I bought some items from Amazon yesterday. Among three types of wound dressings, I purchased a book 'Photography for Writers' by Simon Whaley. I have a number of other books by Simon, and they're really good

Simon Whaley is a writer, author, and photographer.

Like many writers, he's had a few proper jobs along the way (high street bank, local government, civil service) but found that life as a writer suits him better. Since his first book hit the UK bestseller lists in December 2003, he's authored and contributed to several books, written hundreds of articles and seen several of his short stories published across the world.

Check out his new British Cozy Crime series, the Marquess of Mortiforde Mysteries, set in the stunningly beautiful Welsh Borders. The first book in the series, Blooming Murder, is out now!

To find out more about Simon, visit his website at www.simonwhaley.co.uk.

© Simon Whaley

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Thursday 28 December 2023

Thursday Troubles

I had a bad night last night. I slept for no more than an hour. As I couldn't sleep, I began writing the Wayne May article for Dogs Today magazine at around 6am. I finished and submitted it at around 11am after only a couple of rewrites. Here's an extract:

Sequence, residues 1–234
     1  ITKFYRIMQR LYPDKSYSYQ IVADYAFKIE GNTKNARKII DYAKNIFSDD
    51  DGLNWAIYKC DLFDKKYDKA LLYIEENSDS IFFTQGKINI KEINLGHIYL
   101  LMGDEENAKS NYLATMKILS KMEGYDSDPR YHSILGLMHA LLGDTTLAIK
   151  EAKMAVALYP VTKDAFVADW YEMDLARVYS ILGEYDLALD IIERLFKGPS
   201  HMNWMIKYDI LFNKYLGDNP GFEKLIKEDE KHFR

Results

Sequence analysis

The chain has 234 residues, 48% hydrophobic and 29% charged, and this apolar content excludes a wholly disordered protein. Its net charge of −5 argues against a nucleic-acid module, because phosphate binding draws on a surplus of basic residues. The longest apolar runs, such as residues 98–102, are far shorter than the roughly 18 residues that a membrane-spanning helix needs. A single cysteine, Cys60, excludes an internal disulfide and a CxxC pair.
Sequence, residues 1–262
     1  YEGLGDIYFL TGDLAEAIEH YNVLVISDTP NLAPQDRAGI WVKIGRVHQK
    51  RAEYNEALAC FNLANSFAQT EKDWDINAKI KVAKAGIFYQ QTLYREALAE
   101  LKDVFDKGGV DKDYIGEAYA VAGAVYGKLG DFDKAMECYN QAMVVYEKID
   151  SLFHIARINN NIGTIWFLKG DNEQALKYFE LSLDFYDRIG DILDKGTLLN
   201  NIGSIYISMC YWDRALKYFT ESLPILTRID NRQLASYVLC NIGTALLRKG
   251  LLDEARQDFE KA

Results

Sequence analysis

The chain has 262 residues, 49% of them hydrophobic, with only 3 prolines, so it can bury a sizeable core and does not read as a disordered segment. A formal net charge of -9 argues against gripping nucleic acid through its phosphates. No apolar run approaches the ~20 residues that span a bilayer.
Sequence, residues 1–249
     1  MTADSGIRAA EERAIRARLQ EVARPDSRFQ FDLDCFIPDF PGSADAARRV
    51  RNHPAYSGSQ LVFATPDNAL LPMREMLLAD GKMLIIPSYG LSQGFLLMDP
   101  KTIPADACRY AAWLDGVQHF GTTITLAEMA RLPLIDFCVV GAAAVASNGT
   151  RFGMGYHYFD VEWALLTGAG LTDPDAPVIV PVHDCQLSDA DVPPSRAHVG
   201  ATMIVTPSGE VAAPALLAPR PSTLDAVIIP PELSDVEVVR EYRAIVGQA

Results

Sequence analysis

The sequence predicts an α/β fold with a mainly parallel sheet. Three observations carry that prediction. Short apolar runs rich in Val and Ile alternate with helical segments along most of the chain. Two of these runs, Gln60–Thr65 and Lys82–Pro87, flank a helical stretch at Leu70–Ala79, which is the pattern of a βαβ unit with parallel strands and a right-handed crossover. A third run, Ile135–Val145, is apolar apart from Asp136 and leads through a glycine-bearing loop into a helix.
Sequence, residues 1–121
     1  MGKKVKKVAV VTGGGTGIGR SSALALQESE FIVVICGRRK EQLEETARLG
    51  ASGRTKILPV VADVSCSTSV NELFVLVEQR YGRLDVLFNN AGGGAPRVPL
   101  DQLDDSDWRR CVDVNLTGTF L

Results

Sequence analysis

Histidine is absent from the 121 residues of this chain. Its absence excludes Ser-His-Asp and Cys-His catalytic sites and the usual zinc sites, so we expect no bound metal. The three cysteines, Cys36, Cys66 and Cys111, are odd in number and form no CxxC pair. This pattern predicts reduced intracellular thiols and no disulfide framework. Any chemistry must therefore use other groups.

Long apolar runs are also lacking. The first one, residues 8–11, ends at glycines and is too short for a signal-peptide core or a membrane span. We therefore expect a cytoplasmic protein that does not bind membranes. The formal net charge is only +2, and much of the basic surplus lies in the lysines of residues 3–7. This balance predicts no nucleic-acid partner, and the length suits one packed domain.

Wayne May was a victim of theft years ago. “I used to show my dogs and they (criminals) followed me home from a dog show and stole my dogs”. Wayne had six dogs stolen. “We got home from the dog show and we bathed the dogs and we fed them and we were sitting down in our living room having our tea.”, says Wayne, “It was later in the year so it was getting dark early and the dogs started barking and when I went out into the back yard to see why the dogs were barking, they were already in the process of stealing my dogs.”